GE Commercial Finance rides the economic waves

The knock-on effects of increased oil prices and unstable financial markets have led to some changing job roles within GE commercial finance. Sarah O’Carroll speaks to managing director Kerri Thompson and head of HR, Megan Nettleton to find out how they’ve been affected

GE Commercial Finance rides the economic waves

The knock-on effects of increased oil prices and unstable financial markets have led to some changing job roles within GE Commercial Finance. Sarah OCarroll speaks to managing director Kerri Thompson and head of HR, Megan Nettleton to find out how theyve been affected

Of all the factors contributing to the current global economic turbulence, the increase in oil price has impacted on GE Commercial Finance the most, according to Kerri Thompson, managing director, equipment finance.

Although world oil prices have dropped in the last couple of weeks, prior to that GE’s customers were feeling the strain of the continuous price increase. Providing services such as lending products, equipment leasing, cash flow programs, and asset financing, GE Commercial Finance found that it had to quickly readjust a few things to meet rapidly changing customer needs.

First the increase in oil prices caused stressed cash flow among its customers, especially within the transportation industry. This in turn had a series of knock-on effects for both management and HR.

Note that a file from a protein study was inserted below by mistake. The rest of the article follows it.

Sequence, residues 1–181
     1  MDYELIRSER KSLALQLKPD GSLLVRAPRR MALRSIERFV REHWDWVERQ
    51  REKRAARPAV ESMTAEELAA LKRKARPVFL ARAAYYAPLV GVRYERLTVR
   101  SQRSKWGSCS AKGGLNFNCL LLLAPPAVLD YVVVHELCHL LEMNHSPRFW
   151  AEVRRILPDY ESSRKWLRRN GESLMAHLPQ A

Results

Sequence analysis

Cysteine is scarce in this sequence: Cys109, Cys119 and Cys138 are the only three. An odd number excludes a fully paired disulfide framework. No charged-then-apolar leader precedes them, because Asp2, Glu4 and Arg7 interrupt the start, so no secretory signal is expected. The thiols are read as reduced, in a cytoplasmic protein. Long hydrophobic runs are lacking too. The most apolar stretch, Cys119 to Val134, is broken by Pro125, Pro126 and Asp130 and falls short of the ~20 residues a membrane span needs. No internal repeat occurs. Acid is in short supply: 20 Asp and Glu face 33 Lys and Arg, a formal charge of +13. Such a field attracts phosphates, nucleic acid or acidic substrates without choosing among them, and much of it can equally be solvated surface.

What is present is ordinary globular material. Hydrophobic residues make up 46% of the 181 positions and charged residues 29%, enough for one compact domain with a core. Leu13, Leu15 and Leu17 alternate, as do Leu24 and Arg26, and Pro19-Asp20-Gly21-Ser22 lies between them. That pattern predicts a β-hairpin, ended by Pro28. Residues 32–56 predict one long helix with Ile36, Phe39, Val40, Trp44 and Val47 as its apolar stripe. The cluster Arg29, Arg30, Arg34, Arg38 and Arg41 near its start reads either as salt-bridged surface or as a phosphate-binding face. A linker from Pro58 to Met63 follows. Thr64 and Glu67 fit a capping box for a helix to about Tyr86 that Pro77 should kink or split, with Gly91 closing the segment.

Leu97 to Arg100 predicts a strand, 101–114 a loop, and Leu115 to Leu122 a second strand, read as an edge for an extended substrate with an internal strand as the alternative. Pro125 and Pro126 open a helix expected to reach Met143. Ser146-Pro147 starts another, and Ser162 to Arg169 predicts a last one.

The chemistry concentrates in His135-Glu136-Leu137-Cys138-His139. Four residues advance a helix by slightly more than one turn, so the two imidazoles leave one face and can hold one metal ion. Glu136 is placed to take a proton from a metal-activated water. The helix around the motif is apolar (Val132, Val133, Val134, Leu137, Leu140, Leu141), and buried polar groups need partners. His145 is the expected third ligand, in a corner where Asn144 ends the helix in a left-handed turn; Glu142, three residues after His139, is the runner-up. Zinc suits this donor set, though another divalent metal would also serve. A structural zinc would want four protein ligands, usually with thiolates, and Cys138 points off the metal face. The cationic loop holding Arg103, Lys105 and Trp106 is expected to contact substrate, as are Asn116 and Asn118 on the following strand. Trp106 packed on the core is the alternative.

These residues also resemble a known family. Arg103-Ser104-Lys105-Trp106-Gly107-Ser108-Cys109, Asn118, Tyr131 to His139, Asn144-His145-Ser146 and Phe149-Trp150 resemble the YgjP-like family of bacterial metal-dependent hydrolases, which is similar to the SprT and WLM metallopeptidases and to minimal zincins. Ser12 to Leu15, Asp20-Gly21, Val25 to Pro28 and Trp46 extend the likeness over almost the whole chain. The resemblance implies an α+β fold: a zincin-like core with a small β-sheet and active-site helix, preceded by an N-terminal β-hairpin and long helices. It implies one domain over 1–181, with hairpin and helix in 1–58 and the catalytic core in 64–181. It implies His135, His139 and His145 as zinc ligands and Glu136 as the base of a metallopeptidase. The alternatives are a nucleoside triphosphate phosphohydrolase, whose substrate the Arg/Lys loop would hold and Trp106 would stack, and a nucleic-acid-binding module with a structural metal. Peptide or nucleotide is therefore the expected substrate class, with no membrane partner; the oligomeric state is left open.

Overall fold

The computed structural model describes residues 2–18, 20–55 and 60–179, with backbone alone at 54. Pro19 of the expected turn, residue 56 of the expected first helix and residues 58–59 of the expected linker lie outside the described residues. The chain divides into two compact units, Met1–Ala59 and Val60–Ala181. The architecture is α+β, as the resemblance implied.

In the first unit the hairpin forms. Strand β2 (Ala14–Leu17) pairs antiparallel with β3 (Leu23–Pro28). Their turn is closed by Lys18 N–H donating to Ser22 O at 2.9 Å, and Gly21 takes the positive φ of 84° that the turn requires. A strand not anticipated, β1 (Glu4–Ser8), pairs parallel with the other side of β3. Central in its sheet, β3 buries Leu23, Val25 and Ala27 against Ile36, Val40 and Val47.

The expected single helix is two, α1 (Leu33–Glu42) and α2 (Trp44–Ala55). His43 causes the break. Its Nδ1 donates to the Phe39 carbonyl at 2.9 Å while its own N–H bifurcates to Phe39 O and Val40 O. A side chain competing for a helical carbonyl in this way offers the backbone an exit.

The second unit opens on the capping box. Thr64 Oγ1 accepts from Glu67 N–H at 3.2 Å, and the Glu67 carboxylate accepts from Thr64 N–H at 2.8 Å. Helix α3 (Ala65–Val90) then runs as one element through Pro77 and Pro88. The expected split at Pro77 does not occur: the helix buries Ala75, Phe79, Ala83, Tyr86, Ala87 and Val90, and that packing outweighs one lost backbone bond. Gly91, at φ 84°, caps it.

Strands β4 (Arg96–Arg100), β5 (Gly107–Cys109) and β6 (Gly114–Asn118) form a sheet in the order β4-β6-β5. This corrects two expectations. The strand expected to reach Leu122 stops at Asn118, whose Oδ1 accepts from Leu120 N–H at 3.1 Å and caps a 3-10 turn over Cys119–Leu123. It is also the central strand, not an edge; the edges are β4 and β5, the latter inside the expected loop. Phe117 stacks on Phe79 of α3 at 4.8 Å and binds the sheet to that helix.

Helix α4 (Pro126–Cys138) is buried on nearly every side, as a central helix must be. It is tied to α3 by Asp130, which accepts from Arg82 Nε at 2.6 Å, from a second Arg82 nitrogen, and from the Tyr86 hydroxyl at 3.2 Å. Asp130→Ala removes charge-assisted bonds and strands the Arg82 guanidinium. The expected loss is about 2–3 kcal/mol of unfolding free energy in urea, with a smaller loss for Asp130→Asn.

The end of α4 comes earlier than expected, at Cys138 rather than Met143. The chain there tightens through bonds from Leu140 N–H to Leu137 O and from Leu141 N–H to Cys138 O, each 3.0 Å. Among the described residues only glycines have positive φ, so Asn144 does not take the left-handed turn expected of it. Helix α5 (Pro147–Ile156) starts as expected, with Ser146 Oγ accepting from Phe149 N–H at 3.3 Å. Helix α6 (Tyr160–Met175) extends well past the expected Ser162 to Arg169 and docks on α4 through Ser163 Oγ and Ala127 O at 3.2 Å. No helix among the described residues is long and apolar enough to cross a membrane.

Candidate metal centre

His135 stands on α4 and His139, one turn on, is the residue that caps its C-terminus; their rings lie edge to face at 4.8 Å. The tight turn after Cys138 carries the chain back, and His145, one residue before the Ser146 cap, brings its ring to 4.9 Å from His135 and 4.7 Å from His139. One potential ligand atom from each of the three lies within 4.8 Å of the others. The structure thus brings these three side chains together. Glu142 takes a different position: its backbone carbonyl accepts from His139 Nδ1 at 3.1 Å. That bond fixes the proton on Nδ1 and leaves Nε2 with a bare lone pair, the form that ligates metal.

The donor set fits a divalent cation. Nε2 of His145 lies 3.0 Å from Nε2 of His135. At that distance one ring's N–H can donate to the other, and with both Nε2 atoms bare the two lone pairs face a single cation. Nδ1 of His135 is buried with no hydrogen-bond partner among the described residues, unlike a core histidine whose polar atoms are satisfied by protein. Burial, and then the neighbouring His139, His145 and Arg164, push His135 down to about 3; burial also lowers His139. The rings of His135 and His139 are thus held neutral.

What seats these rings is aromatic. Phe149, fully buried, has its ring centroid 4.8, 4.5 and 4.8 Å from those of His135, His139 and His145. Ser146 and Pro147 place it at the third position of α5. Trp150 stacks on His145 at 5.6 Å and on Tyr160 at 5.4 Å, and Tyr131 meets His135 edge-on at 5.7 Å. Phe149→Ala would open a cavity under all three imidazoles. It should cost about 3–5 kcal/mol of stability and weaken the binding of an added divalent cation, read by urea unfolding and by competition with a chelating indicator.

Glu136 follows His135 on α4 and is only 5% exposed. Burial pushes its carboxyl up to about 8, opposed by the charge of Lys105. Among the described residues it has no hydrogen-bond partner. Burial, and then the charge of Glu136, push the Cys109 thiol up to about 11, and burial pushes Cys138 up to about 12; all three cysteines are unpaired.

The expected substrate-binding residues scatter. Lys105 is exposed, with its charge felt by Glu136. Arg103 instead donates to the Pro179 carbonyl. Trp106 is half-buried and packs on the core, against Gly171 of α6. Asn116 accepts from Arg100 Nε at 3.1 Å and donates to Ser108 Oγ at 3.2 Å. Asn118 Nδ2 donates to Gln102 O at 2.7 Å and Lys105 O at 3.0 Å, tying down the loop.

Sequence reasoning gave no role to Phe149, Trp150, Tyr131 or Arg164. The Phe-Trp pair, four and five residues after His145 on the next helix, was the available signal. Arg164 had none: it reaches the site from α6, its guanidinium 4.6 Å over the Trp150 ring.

“People last year and in previous years would have replaced trucks and mining equipment and other things more regularly than they are replacing them this year. There’s a little less confidence in the market,” says Thompson.

Because customers are taking a more conservative approach to their borrowing and spending, this has led to a changing role of some staff, particularly the sales teams, whose jobs have become more complex.

Although writing a deal for a new piece of equipment for example is relatively straightforward, says Thompson, customers’ cash flow today is more under pressure than it was and, therefore, a different style of financing has to be offered. Until last year most of the time was spent doing up new equipment deals, but the mix has now changed and more time is spent on restructures.

“We’re finding that there’s a lot more of that refinancing and restructuring of financing with our customers today,” says Thompson.